House: I think because he’s a total opportunist, and when he was saying that, lots of people were saying that, and I feel like he was sure that Trump was just a blip that would go away and he didn’t understand the way that Trump appeal was going to go so wide.

Kruse: Given the results in Ohio this week, how do you think people should be rereading and reconsidering Hillbilly Elegy?

House: I guess it depends on their political persuasion. I think a lot of conservative people read that book and they really responded to the rags-to-riches aspect of it. I think a lot of liberal people read it and had a lot of their suspicions confirmed. Lots of times a book is what readers bring to it themselves.

Let’s say somebody’s on the fence about voting for Vance. I would hope they would read that book and see the dog whistles and see the lack of complexity, see the generalizations, see the outright falsehoods that are throughout the book. I mean, lots of times in the book when he’s talking about Appalachia, it’s almost like he’s never been to Appalachia. For instance, early on in the book, he says that in Appalachia when there’s a funeral everybody stops their car gets out of their car and stands on the side of the road. Well, I’ve lived in Appalachia my whole life until the past three years, and I’ve never seen that happen. What does happen is people pull over sort of to the side of the road, the same way you would if an ambulance was coming, and they stop as a moment of respect. Nobody gets out of their car.

And I think it’s so telling that this book was pushed as an Appalachian narrative when this man is two generations removed from Appalachia. This is a Rust Belt story, but Appalachian stories, Appalachian literature, is its own genre. In early cinema, one of the most popular movie genres was “hillbilly movies.” We still have a genre of horror that’s very popular called “hillbilly horror.” So there’s a market there, in a different way, for the idea of the hillbilly, more than there is for the idea of the Rust Belt. So that alone is manipulative in that it’s sold as an Appalachian story or a hillbilly story, and if you read the book, you realize that hardly any of it is set in Appalachia. He’s saying, I guess, that generationally you can’t escape Appalachia, because here he is, his grandparents left there when they were very young, his mother never lived there, he never lived there, and suddenly, after the book came out, he’s on every news show as the representative of a region that he barely knows.


Kruse: And why do you think he did that? Was there something calculated or beneficial about labeling it that way rather than as the Rust Belt?

House: Think about all of the examples of hillbilly life that we know in the media, whether it be “Deliverance” or “The Beverly Hillbillies” or “Ozark.” It’s a constant in media over the last 150 years. I can’t really think of Rust Belt narratives like that, that are popular in the American consciousness. So I think he did it just because there was that market that is very firmly there and it’s a part of American consciousness. It’s one of the biggest selling nonfiction books in the last, I don’t know, 30 or 40 years, so it worked.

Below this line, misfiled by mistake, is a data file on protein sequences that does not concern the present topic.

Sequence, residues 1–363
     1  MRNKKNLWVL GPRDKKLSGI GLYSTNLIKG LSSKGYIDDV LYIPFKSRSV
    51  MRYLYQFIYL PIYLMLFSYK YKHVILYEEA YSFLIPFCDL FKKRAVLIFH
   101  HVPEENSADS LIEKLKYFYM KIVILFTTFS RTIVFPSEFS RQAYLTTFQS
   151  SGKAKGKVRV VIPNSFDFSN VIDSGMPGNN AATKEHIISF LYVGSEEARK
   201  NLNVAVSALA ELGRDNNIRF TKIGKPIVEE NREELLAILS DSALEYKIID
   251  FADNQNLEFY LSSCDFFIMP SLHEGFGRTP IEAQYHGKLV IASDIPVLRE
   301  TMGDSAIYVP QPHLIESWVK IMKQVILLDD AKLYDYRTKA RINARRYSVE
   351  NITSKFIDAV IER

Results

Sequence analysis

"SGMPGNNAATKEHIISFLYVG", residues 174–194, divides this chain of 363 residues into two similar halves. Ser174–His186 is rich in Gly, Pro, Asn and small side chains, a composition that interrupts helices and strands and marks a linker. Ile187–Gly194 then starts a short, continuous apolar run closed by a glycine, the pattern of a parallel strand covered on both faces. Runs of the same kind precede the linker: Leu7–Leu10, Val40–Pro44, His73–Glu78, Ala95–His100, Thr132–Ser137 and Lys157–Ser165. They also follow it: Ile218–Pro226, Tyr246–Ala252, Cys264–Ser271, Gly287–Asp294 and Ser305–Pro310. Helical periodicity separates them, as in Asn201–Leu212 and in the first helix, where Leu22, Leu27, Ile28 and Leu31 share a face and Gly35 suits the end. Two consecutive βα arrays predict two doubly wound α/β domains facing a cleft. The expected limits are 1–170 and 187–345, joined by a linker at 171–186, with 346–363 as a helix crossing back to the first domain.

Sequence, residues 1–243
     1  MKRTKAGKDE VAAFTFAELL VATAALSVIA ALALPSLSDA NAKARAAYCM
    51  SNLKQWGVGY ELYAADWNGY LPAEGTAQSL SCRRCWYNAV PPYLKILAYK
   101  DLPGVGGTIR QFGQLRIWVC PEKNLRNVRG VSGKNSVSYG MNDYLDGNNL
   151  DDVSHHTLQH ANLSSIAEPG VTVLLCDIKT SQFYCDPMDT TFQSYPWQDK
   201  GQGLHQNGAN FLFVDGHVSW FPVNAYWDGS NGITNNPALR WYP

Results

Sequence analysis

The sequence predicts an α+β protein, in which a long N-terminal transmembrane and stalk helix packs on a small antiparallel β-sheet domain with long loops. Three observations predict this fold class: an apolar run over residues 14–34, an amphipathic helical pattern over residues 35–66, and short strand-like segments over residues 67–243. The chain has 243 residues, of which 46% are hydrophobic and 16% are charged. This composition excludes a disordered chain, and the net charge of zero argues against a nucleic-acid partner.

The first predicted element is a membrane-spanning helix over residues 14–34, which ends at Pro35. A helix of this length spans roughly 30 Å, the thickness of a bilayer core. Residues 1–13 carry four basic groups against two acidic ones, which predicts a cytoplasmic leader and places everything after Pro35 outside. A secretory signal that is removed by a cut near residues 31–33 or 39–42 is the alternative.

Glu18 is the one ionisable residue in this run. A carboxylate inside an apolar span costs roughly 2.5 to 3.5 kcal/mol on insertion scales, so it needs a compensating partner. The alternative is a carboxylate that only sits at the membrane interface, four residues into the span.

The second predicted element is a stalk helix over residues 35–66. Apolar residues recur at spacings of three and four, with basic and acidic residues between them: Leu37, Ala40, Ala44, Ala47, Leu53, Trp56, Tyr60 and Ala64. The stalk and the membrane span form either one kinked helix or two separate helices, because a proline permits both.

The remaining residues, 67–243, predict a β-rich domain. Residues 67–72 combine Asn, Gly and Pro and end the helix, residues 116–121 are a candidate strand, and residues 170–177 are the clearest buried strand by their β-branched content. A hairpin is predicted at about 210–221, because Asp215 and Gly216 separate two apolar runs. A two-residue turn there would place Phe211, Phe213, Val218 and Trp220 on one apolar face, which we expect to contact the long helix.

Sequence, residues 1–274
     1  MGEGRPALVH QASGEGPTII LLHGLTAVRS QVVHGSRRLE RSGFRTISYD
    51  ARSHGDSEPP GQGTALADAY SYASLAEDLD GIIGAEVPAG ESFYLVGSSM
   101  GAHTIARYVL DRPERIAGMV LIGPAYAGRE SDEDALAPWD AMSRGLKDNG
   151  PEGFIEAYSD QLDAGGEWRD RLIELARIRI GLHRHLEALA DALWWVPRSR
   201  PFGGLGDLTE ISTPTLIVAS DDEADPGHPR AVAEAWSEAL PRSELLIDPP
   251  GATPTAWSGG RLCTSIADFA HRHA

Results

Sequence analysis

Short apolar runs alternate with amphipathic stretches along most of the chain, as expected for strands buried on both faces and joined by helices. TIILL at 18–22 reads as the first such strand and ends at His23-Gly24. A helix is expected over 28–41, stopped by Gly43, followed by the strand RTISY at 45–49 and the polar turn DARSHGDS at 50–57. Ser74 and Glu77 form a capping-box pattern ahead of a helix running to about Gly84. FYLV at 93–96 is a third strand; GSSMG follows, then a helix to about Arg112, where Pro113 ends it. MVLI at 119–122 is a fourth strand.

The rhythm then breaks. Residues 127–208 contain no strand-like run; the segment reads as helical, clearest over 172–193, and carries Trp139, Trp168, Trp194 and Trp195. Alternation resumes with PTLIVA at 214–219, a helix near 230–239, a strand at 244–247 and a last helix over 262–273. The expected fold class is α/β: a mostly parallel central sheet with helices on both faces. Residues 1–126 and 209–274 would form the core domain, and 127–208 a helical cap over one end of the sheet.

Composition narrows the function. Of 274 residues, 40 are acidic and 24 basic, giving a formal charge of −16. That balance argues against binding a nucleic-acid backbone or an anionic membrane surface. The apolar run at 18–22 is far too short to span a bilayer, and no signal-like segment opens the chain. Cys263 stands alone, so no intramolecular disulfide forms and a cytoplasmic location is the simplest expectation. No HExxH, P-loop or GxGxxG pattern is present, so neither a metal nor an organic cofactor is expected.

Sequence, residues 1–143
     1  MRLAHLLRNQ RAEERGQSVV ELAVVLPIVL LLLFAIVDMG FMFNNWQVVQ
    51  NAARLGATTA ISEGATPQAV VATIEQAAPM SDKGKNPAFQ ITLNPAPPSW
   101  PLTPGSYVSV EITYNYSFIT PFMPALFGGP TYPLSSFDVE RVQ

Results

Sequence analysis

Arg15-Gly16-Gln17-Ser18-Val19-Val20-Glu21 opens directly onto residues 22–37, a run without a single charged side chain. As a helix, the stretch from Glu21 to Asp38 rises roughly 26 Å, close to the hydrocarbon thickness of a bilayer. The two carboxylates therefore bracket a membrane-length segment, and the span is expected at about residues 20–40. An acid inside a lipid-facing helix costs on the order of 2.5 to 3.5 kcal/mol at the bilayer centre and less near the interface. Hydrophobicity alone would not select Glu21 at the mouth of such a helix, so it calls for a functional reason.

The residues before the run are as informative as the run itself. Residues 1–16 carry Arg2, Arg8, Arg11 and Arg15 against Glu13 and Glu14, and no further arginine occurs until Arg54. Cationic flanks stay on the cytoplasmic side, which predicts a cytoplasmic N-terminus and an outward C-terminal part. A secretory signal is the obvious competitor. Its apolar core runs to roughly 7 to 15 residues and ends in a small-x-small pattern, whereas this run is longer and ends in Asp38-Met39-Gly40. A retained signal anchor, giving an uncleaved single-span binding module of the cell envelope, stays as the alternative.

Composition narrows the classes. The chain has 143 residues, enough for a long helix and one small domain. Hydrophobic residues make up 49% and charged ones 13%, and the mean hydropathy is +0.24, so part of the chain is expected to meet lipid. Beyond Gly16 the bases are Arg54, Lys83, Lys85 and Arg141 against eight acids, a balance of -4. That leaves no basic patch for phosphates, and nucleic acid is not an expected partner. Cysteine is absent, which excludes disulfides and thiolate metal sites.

Kruse: I guess the question is did it work as a piece of political fuel?

House: I read it that way because it’s my job to read any piece of literature or view any media coming out of the region. It’s my job to analyze it and think about what are the intentions of this piece? What is the historical and cultural context of this piece of media? Are some of these stereotypes just coming out of ignorance, or are they intentional?

Kruse: If this was, from the get-go, even in the mind of Vance, a political launching pad, it probably wasn’t going to be a successful political launching pad until April 15, when Trump endorsed him. I think it’s fair to say coming out of the results in Ohio that Vance was not going to win without that. It took the Trump tap to take him and his origin story and his sort of newfound populist rhetoric across the finish line. Is there anything that was in that book that helped him win as opposed to just the Trump endorsement?

House: The first thing of course is it made him kind of a household name for a whole lot of people. It’s a very popular book, and it put him on practically every news show, and at the time he became the representative for quote-unquote Trump country. He was the expert on Trump country. He was hoping to explain why this was happening for people who have no understanding of rural America, but think they do, who have no context for it. And when he wrote the book, he didn’t know he was going to need that Trump tap, but he did know that he would need this origin story. He did know that we love a rags-to-riches story. There’s not hardly anything Americans love more than that. Again, I do not know for sure, but to me it just reads like a political launching pad book, and it’s certainly a treatise more than it is a memoir.


Kruse: And by treatise you mean exactly what in this context?

House: An orchestrated political statement.

Kruse: And he’s not trying to explain the rise of Trump so much as he’s trying to start his own political rise?

House: Yes. And I think that a lot of Republicans and probably many who advised Trump at the time were like, “These are the issues we’ve got to latch onto. We have to latch onto rural dissatisfaction, we have to latch onto the employment numbers, we have to latch onto welfare issues, et cetera.”

Kruse: So, in some weird way, Vance actually is not some kind of phony johnny-come-lately to the Trump style of politics. Vance was there before many people, most people, kind of even recognized he was there.

House: Absolutely. I think that’s one of the main things that I would want to put a fine line under. He, ever since Hillbilly Elegy, has always embodied Trumper ideas, even before there was such a thing.

Kruse: So, just to return to the original contention, why does all of this make Vance and his book dangerous, as we look forward to the general election campaign against Tim Ryan in Ohio?

House: It’s dangerous because there’s such a lack of complexity in the book in a time when the national conversation lacks more and more nuance. There’s no nuance in the book. There’s a lot that’s false and intentionally misleading, and I always think that’s really dangerous when there’s intentional misinformation being shared. And I think he’s dangerous because he embodies all of that. And it seems to me that he’s willing to do whatever it takes to rise. And I can think of nothing more dangerous in a politician than that.